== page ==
Kevin McCarthy elected as Speaker of the House: what next?


Zenil Koovejee

Kevin McCarthy, serving California’s 20th District and acquiring the role of majority leader, is now third in line to the President.

In the past few weeks, the newly elected US House of Representatives faced a major challenge that stalled congressional activities and halted the transfer of power: electing the new Speaker of the House. 

After 15 rounds of voting that took four days, Kevin McCarthy of the Republican Party came out victorious, acquiring the position that garnered national attention. However, this marks the longest Speaker election since the Civil War era of 1859.

“I really do not know why it took so long this year. Usually, I do not pay that much attention to these elections, but I kept seeing in the news how unprecedented this particular one was,” said Alekh Shah (‘24).

Many factors played into this election process, but most notably, Republicans hold a very slight majority within the House. This put McCarthy at a slight disadvantage, meaning that he needed to win the support of all but four Republicans to emerge successful. 

“His main opposition throughout this entire process was radical Republicans, mainly a select 19 that voted for Jim Jordan instead,” said political enthusiast Aarav Kakad (‘24).

Far-right members, particularly those of the Freedom Caucus, deemed him insufficiently conservative and questioned his overall ability to reduce government spending and increase individual and states’ rights. As such, McCarthy, primarily facing opposition stemming from within his own party, was forced to relinquish certain powers and privileges if elected as the new Speaker.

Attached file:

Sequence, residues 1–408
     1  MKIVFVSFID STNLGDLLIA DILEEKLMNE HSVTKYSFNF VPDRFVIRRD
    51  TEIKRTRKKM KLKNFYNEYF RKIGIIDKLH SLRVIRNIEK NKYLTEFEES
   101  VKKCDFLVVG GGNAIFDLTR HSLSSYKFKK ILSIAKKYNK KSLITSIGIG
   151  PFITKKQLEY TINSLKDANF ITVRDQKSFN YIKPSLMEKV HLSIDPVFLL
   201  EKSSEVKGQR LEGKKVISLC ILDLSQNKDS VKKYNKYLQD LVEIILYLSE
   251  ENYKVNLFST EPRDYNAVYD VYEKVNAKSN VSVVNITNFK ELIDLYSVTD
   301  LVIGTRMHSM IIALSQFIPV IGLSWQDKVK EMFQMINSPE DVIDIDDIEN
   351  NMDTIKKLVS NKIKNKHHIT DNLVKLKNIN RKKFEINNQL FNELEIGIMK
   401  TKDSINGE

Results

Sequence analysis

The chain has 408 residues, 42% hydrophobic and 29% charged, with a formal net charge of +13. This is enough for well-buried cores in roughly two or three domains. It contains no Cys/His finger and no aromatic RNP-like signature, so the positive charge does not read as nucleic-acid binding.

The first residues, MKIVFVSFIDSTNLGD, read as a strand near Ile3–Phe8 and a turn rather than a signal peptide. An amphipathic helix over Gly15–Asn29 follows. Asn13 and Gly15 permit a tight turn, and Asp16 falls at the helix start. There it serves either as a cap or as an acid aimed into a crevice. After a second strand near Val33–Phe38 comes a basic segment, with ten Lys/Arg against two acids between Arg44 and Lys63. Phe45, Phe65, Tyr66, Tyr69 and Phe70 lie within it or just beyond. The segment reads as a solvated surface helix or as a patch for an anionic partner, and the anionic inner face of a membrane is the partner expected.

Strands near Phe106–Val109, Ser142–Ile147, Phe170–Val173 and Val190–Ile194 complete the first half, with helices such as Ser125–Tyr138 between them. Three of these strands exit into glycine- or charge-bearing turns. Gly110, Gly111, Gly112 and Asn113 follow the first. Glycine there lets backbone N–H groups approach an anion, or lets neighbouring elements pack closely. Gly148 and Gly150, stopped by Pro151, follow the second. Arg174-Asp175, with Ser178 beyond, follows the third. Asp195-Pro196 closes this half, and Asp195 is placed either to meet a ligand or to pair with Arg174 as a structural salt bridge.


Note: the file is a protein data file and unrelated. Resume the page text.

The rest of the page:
“I know that a lot of the concessions he made included giving up a lot of positions to radical Republicans, mainly the House Rules Committee. This basically gives them control on how new laws are brought to the floor and gives them control over what type of legislation passes,” said Kakad.

To appease the Freedom Caucus, McCarthy offered to add more of their members onto the House Rules Committee as well as to support legislation introduced by various party members.

“I think that this pretty much will end in a stalemate, as we saw in past presidencies – where there is a lack of productive passage of legislation within the House and in government as a whole. I do not think they will be able to agree on a lot of decisions,” said Kakad.

Despite the controversial nature of this internal election, Americans around the country hope that both parties can come together in the name of unity, strengthening America rather than dividing it further.

“I am prepared to work with Republicans when I can and voters made clear that they expect Republicans to be prepared to work with me as well,” said President Joe Biden.